As noted in the Strong Roots story, over the span of my career I have found myself working in different fields – ranging from youth development to disability research to immigration – but throughout I have always kept a soft spot for cities, and more specifically, their neighbourhoods. Fortunately, I have been able to combine my passion for things urban with my career through work and volunteer opportunities, starting with my first job in the area of community development and community-based research. The summer after my first year in grad school, the community association for the neighbourhood I lived in received funds from the municipal government to hire summer students to support their work through preparing grants, investigating potential structures for their organization, and assisting with outreach and community research (hmm, sounds a lot like the services I provide today!).

Working with this group of committed volunteers was inspiring in many ways, but three lessons come to mind today:
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Word Counts

In response to my post last week on open-ended questionnaires, Sheila Robinson over at Evaluspheric Perceptions explored some of the risks in interpreting this type of data. Without a systematic approach to analyzing qualitative data, we can fall prey to confirmation bias, which as described in her post, “causes us to remember or focus on that with which we agree, or that which matches our internalized frameworks, understandings, or hypotheses”. Another risk is that we pay too much attention to extreme viewpoints, whether positive or negative, because they are more likely to be remembered. Check out Sheila’s post for more thoughts!

One question that I want to address quickly is what to do if you have collected some data from an open-ended survey and want to avoid these pitfalls, but don’t know where to begin? As with evaluation in general, one of the simplest starting points is counting. Read through all the responses and keep a running tally of how often certain ideas come up. You may already have some ideas in mind for how to categorize responses, which will help in sorting but could leave you open to confirmation bias: take care that you’re not trying to fit a square-shaped response into your round category! If you come across strong or extreme comments, make sure you view it in relation to general trends (having complementary numerical data helps here!) to determine how representative that position is: that’s not to say that you should ignore a point raised by a small number of people, but as in the example raised by Sheila in her post, you don’t need to rush and make sweeping changes to something that’s working for the vast majority of respondents.

If there’s interest, I can share an extended example from my first experience with qualitative analysis – food for a future post!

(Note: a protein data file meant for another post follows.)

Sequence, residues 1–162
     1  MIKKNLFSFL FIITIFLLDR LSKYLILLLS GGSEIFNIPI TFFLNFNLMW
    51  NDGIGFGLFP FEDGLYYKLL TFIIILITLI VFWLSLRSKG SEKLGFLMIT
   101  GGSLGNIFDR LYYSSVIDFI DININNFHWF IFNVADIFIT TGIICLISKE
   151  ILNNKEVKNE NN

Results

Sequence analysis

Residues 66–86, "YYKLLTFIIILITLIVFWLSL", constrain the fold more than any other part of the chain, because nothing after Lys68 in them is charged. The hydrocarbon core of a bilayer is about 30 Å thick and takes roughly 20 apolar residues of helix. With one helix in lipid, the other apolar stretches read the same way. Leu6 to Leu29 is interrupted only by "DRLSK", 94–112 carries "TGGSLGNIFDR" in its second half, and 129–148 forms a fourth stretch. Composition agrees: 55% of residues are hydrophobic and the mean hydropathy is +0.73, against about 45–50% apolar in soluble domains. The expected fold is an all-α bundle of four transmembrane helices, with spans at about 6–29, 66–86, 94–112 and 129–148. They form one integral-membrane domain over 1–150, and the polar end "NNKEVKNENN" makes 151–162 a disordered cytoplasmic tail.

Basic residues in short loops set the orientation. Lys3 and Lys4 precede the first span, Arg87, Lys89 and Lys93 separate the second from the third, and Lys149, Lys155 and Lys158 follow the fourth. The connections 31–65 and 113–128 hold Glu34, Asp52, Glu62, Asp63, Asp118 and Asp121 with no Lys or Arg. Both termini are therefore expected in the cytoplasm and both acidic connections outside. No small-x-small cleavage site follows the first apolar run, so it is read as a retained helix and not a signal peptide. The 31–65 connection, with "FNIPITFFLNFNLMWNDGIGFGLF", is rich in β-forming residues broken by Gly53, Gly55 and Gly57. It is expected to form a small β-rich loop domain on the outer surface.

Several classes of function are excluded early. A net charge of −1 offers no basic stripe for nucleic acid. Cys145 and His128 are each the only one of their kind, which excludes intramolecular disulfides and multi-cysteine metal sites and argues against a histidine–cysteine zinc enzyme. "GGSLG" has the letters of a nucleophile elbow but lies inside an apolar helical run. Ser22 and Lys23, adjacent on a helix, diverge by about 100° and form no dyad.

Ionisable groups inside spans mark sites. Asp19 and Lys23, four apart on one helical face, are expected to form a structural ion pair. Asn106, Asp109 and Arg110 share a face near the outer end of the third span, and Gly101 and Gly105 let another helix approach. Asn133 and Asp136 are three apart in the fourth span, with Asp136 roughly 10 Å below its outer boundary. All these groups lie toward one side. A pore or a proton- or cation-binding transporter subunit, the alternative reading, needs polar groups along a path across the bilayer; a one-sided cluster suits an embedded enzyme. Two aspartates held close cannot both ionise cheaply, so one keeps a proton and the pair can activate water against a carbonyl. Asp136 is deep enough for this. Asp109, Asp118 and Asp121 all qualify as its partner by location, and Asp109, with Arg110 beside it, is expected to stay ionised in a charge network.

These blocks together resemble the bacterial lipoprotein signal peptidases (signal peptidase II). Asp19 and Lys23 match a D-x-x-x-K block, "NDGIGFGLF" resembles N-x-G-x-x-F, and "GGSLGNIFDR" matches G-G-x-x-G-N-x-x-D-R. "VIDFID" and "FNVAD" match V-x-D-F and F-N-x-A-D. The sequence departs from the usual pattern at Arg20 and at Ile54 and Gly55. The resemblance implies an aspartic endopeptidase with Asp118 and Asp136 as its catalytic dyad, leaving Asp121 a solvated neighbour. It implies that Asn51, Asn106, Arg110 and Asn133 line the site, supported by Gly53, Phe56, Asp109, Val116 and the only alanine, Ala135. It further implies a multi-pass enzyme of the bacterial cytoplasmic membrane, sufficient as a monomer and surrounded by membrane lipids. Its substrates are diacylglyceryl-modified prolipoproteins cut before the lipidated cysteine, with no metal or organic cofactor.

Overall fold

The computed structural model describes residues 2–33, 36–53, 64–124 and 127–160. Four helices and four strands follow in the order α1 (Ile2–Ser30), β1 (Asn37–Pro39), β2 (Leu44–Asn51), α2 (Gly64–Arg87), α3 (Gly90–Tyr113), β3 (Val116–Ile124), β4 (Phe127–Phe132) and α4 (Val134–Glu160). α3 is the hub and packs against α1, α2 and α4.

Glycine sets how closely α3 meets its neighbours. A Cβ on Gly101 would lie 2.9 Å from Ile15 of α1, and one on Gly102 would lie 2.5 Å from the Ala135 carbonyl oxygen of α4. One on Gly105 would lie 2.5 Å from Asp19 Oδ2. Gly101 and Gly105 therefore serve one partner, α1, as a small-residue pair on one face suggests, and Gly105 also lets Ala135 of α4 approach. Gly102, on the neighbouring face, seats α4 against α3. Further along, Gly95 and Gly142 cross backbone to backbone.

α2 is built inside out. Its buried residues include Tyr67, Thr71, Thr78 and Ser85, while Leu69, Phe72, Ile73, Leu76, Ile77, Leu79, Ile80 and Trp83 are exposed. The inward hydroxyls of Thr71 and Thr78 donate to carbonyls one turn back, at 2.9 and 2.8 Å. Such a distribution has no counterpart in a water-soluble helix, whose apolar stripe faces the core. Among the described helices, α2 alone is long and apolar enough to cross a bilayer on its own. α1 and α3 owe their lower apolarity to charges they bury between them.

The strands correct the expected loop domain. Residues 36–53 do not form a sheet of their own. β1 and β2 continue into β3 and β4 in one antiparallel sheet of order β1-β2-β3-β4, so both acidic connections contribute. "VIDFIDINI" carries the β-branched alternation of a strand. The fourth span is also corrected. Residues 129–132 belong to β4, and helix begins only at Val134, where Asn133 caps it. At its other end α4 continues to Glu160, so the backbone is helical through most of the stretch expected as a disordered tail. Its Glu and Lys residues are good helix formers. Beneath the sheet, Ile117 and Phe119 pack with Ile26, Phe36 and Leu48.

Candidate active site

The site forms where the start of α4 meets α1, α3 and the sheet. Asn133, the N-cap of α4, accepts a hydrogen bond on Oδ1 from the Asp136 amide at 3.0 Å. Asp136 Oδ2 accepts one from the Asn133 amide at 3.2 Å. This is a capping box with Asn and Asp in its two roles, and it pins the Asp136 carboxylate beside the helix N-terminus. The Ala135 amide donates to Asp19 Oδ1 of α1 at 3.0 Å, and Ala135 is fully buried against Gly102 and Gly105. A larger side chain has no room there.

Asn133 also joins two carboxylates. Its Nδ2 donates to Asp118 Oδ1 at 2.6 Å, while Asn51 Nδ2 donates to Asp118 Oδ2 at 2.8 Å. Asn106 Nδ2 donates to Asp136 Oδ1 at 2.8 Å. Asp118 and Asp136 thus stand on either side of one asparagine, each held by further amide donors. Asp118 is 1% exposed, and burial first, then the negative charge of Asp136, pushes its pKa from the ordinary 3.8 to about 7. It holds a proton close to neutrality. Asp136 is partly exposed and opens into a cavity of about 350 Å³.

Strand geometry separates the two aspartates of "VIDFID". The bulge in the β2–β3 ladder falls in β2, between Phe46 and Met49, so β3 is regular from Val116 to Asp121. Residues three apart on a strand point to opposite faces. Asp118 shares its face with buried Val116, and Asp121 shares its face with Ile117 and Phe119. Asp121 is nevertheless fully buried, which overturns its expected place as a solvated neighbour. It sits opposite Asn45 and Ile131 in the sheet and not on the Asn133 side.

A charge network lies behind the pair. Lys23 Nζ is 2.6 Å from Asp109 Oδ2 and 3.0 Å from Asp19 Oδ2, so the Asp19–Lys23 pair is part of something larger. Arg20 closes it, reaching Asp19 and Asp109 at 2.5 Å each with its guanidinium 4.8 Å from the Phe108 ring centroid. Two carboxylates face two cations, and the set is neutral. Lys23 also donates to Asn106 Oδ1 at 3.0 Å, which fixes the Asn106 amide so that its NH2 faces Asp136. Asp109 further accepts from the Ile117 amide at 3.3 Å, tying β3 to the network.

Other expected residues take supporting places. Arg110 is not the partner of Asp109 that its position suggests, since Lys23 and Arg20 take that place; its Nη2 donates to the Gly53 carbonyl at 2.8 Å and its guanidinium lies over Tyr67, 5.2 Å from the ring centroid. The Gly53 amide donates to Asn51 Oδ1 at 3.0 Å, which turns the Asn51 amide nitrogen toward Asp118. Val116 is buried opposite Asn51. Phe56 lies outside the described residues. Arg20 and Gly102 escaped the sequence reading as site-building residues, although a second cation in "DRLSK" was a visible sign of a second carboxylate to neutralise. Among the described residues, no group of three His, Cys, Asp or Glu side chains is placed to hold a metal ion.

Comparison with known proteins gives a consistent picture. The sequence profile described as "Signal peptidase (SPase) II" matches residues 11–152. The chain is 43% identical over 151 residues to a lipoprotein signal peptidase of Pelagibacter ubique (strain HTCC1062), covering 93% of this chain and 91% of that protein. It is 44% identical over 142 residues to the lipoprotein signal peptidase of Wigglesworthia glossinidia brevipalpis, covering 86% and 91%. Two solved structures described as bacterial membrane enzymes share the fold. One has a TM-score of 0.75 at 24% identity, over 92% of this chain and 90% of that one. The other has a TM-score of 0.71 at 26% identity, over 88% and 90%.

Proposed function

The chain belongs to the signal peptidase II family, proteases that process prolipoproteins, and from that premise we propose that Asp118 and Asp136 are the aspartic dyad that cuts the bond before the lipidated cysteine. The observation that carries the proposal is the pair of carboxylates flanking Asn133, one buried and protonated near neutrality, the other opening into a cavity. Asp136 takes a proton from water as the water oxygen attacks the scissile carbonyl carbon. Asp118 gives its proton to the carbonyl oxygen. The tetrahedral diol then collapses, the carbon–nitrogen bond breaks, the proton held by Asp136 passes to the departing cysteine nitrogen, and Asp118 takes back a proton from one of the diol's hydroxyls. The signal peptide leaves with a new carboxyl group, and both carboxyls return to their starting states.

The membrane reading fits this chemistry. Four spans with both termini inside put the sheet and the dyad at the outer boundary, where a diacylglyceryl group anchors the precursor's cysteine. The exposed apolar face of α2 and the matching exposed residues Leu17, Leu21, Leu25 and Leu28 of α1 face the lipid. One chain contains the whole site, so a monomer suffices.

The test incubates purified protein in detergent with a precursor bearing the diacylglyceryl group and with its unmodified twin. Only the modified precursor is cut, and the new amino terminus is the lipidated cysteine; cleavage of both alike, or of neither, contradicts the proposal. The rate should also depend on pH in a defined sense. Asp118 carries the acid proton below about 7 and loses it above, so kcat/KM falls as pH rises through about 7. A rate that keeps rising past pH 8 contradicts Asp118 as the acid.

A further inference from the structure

What’s in a Question (type)?

While on Facebook earlier today (I was connecting with some colleagues on a work-related issue, honest!), I came across a survey for a local non-profit initiative. As someone who both identifies as a researcher and generally likes filling out surveys, I eagerly clicked the link … and found myself looking at ten open-ended, fill-in-the-blank questions.

Now, I don’t have anything against this style of question: indeed, as I noted in an earlier post, it’s good to provide space for respondents to share their own perspectives and stories without being boxed into a particular set of responses. In my opinion, though, inviting only written responses is a move too far in the other direction. Some respondents may not have the time to write down their thoughts, while others may feel pressured to provide insightful, well-crafted responses to each question and decide to take a pass on the survey as a result. I remember a conversation with a community group where one member personally disliked open-ended questions: this person’s view was perhaps a bit extreme, but it brings up the good point that individuals may simply have preferences for one question type over another. Accessibility is also a potential concern: will people who have low literacy skills or other challenges around writing feel comfortable participating? A final consideration is analyzing this type of data, which takes more time and effort compared to compiling statistics from multiple choice or rating questions.

Again, I have nothing against open-ended questions: depending on the intended audience and purpose of the survey, it may even be completely appropriate to only use that type of response. For most general surveys, though, a little bit of variety is probably a good thing.

Buzzwords for Non-profits

From social enterprise to strategy and planning principles, the non-profit sector is borrowing a lot from the business world. Unfortunately, one less positive adoption is what the Harvard Business Review dubs “bizspeak“: their list of words that should be blacklisted, from “actionable” to “win-win”, has definitely made it into our vocabulary. To be fair, non-profits have long had a language of their own, especially acronyms: moving to a new city or province, or connecting with an organization from a different area (youth services compared to health, for example) requires a mental recalibration and some awkward “What does that mean?” moments.

As a lighthearted end to the week, I’d like to hear from you – share some non-profitese that you find particularly aggravating, amusing, or both!

Time to Count

As the one and only person working for Strong Roots Consulting, there are many business elements I have to deal with as part of the trade. There’s various regulatory and legal requirements to fulfill, finances to manage, and – a personal “favourite” on the necessary evil list – time tracking. My general preference is to create a proposal with a set project fee, instead of charging by the hour: however, I still need to determine how much a project should cost. A simple starting point is to estimate the number of hours that I would need to complete the work and multiply that number by a per-hour rate. Time tracking then becomes a data collection method to help me assess the accuracy of my initial estimate – or in other words, the first step in an evaluation.